Phil is now ready to start applying immunocytochemistry to his samples. Some samples require direct detection while others require indirect detection. He gathers the samples that are ready after necessary incubation time. There are four basic steps to complete immunocytochemistry testing. The first step is cell seeding where the samples are placed on glass slides or transparent plates. Samples require different incubation times before they can be used. Some samples are used right away while others must set for several hours or even twenty-four hours.
The next step consists of fixation of the cells and then immunostaining the cells. A fixative solution is applied to the cells so that they will not move on the slide. Some slides also need to be permeabilized with another solution in order for the stain to react depending on the type of fixative used.
The antibody or immunostain reporter is then applied to the slide and later rinsed off to ensure excess antibodies are removed.
The third step uses the microscope to visualize the sample and images are developed. The fourth step involves analyzing the images that are written down as an explanation.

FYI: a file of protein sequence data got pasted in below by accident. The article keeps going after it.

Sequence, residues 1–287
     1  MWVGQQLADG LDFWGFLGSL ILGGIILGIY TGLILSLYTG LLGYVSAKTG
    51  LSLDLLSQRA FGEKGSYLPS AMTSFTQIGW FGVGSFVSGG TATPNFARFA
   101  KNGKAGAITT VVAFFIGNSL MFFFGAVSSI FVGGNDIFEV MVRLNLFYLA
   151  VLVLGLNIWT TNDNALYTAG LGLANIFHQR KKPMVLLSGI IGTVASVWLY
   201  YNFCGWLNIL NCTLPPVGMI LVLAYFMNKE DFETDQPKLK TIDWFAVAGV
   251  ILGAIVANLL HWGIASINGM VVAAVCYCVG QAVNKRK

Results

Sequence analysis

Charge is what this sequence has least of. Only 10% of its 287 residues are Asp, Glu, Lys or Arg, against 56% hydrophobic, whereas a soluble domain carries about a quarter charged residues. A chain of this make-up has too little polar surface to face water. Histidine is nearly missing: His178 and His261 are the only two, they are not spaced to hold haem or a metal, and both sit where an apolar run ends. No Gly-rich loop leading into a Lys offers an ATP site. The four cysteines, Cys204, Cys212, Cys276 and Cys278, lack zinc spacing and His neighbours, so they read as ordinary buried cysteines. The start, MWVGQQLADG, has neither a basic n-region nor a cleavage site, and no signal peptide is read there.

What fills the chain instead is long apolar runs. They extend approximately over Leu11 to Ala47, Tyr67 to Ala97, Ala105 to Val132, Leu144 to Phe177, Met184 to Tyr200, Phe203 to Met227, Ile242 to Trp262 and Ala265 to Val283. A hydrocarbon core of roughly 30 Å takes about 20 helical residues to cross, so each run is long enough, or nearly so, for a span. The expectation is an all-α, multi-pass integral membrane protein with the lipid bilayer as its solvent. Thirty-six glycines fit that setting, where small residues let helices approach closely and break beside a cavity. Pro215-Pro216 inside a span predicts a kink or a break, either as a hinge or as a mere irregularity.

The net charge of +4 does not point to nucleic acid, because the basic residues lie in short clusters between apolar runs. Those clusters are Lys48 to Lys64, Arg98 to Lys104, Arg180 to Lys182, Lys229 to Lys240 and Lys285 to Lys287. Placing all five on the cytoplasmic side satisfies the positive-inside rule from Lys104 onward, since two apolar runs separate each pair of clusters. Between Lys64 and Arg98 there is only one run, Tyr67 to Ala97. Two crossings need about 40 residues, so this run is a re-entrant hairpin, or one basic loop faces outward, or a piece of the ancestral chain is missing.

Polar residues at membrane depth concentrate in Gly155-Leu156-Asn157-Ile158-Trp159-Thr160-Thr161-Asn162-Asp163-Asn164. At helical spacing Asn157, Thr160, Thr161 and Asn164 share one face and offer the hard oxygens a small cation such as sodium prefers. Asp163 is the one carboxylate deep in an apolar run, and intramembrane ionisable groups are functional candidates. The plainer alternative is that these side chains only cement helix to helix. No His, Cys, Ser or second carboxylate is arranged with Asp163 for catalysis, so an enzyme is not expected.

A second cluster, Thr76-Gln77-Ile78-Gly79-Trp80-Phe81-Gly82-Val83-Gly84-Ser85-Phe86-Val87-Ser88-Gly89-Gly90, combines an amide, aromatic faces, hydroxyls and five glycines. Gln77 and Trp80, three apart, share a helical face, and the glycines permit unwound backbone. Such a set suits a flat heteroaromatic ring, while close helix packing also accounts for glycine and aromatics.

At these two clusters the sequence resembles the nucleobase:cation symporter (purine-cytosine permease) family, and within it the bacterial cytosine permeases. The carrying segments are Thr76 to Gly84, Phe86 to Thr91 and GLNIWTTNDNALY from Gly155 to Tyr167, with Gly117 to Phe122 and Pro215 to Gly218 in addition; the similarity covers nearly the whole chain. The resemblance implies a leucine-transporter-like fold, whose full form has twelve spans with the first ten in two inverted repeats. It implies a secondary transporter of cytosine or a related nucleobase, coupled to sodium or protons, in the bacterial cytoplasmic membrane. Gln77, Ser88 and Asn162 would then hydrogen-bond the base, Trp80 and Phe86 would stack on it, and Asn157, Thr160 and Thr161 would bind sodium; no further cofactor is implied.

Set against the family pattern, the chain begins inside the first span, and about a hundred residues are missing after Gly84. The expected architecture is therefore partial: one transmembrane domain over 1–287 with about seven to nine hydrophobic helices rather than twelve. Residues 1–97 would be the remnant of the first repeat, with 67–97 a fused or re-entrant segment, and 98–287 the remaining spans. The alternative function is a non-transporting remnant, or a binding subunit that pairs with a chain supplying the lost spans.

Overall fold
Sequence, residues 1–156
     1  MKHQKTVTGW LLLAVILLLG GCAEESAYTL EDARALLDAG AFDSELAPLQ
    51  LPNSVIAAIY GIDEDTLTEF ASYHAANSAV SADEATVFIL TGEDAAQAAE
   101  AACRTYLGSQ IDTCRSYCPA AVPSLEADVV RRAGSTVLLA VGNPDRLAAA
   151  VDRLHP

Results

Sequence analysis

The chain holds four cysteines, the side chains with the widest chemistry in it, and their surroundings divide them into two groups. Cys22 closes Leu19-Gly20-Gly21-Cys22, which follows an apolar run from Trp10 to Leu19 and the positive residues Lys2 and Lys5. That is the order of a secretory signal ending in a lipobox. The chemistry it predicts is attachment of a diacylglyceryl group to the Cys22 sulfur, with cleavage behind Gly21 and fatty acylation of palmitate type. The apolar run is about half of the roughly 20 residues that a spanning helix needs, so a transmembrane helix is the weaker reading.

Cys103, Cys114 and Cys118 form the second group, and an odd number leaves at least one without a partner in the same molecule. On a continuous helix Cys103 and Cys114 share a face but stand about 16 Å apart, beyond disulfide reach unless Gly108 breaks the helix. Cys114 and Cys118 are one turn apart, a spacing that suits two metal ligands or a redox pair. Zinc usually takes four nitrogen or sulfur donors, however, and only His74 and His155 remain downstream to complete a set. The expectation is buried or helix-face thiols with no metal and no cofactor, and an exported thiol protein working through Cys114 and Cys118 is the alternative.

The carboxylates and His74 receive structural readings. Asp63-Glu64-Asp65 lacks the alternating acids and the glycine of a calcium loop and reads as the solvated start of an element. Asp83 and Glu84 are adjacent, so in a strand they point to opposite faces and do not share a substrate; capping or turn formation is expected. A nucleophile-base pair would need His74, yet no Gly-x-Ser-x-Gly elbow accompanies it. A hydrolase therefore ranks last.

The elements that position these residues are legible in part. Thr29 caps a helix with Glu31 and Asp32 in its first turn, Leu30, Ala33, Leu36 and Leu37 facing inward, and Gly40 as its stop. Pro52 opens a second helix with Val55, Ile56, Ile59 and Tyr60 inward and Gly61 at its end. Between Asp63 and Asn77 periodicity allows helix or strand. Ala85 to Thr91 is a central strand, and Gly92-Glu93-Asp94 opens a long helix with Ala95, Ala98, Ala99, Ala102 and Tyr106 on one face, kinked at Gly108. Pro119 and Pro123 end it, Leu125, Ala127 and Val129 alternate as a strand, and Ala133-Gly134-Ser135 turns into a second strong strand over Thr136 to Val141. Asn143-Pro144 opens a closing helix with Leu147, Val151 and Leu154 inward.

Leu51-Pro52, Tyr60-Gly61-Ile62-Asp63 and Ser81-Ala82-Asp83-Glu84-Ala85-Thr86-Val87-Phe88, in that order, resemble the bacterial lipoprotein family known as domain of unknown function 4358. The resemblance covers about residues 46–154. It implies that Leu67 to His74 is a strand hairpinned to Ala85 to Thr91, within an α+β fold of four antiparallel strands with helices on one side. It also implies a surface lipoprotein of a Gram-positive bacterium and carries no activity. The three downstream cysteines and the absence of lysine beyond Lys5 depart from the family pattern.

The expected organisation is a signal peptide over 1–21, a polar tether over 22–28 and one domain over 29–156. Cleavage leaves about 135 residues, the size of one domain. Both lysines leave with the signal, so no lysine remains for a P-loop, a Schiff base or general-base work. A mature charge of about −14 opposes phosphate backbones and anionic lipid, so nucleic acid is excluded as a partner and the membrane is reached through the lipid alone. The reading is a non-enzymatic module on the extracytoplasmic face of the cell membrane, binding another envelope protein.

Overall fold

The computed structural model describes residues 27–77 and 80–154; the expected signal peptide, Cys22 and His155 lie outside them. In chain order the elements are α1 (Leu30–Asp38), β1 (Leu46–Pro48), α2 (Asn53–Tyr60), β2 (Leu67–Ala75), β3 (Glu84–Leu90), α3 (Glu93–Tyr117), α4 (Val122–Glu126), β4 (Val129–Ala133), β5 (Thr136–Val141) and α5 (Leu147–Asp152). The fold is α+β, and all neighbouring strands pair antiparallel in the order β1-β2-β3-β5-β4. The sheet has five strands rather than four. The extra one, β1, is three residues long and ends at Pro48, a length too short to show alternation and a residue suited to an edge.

There are different reporters used to identify proteins in the cells. It is important to properly label the slides so information is accurate. The different types of reporters that are used to stain the cells are:. The direct method of immunocytochemistry only uses one antibody for immunostaining, which is done quickly and is precise. However, it may not be sensitive enough because it requires many proteins to be present to show a reaction.
Indirect immunocytochemistry uses a primary and secondary reporter. The primary antibody is applied to the sample and then a secondary reporter-paired antibody is applied to the primary antibody. This process takes longer but increases the sensitivity of the reaction. Phil used multiple methods throughout his workday depending on what sample he was testing. He was sure to label each sample slide correctly and take clear images to send to be analyzed. Immunocytochemistry is a process used in the laboratory setting to visualize antigens , peptides , and proteins in cells.
Different types of antibodies are then applied to the samples of cells using different types of reporters including enzyme-coupled antibodies and fluorescences.